Good point about acrylics drying on the brush. Since I don’t use them I have no experience.

    Model Master has (had?) a decent lighter purple 2013 Napoleonic Violet (I have a bottle I assume my son bought at one time). Pretty central in the range between red and blue, just medium light.

    As for the life spans of Model Master I have had mixed results. Of course that may be influenced by my son’s use of the same paints as to how he handles them. However, I have found Gunship Grey FS36118 does not last like I hope and can’t be brought back with lacquer thinner and lots of stirring. The pigment clots up and never totally dissolves for me.

    #120597
    deephorse
    Participant

    I’ve not had the problem of acrylics drying on the brush, but then I always dilute the paint with some water.  Sometimes a bit more water than paint, sometimes the opposite.  The only time I use it ‘neat’ is when dry brushing.

    Trust science, not the scientists.

    #120611
    jeffers
    Participant

    I’m with Deephorse. I’m still using brushes with a fine point that I would have lost years ago if I was still on enamels. The key is to regularly ’swiggle’ the brush in a pot of water and that way it stops the acrylic drying on the brush. Plus I have used Vallejo pots right down to the last drop; something I never managed with enamels which always dried out. We all have our ways, likes and dislikes but I will never go back (even if I do really miss the smell of Humbrol gloss).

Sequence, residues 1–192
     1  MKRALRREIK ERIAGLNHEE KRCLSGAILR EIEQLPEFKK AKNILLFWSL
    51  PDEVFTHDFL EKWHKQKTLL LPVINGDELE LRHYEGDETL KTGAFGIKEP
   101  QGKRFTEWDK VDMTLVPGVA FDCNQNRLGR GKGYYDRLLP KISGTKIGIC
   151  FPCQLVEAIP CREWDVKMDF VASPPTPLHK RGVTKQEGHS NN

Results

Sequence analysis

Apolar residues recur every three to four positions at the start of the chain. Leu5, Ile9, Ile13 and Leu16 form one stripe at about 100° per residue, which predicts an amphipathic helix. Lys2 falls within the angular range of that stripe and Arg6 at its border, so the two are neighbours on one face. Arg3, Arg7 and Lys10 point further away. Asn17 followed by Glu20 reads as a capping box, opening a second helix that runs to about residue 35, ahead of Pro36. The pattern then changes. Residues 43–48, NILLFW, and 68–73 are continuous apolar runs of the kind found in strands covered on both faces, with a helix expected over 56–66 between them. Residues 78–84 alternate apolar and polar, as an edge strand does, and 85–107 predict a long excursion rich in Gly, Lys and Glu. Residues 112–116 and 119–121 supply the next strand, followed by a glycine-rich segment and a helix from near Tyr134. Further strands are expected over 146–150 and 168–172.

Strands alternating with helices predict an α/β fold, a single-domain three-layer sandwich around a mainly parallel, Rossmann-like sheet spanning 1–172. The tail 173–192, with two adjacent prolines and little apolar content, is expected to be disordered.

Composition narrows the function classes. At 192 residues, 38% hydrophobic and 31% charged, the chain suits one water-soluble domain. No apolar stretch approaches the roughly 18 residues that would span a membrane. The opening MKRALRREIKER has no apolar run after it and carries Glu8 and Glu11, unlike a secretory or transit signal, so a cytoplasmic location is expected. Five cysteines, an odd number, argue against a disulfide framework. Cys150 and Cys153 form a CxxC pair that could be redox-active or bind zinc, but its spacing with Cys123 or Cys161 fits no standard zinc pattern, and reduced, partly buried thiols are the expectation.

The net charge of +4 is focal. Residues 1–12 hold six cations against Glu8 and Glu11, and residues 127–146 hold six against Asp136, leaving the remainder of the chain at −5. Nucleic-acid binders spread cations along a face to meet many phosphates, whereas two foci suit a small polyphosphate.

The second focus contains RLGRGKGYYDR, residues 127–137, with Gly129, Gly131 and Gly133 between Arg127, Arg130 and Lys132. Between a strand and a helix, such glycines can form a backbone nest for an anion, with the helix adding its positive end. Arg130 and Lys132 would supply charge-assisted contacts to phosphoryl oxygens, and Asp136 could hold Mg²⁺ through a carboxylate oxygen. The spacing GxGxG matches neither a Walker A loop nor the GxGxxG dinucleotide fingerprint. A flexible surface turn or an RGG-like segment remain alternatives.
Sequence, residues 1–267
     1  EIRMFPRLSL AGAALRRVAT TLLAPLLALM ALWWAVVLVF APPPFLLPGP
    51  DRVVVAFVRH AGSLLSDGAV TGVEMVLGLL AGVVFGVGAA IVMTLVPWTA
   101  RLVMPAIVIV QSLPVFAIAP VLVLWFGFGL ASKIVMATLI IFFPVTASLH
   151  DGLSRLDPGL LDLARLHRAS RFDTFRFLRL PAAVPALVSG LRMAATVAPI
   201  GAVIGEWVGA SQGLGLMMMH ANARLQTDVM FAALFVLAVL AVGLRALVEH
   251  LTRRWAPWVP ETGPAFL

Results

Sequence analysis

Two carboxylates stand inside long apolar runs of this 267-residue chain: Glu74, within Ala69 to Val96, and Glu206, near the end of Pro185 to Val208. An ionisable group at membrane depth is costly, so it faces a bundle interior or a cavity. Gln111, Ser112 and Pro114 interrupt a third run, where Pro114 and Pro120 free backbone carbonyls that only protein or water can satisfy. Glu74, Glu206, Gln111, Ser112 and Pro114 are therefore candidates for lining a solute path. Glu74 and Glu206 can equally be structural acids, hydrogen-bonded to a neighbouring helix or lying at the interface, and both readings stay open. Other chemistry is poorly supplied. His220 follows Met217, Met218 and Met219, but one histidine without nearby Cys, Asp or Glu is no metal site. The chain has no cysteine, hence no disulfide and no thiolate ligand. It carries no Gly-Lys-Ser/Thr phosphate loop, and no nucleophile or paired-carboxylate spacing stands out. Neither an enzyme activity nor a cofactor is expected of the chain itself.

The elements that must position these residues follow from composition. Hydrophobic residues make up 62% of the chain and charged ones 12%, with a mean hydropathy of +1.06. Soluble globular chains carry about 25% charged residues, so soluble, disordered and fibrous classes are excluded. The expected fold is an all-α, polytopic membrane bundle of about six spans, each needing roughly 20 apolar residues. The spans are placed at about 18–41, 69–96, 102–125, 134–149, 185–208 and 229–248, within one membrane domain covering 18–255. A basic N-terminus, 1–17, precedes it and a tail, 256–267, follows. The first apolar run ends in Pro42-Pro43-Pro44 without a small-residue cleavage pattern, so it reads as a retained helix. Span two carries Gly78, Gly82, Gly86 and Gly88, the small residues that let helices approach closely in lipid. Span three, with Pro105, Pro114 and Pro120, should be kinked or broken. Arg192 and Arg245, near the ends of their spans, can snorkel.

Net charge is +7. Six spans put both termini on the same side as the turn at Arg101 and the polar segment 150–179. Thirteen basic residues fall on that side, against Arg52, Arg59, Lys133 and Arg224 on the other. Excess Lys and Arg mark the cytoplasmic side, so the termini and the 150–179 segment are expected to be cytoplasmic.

Stephen – I checked on eBay and found somebody selling Airfix paints in the original glass jars! Lord knows what state they are in, but they used to have a decent pigment.

    More nonsense on my blog: http://battle77.blogspot.com/

    #120612
    Not Connard Sage
    Participant

    Enamels, the awful reality.

     

    "I go online sometimes, but everyone's spelling is really bad. It's... depressing."

    #120613
    Tony Hughes
    Participant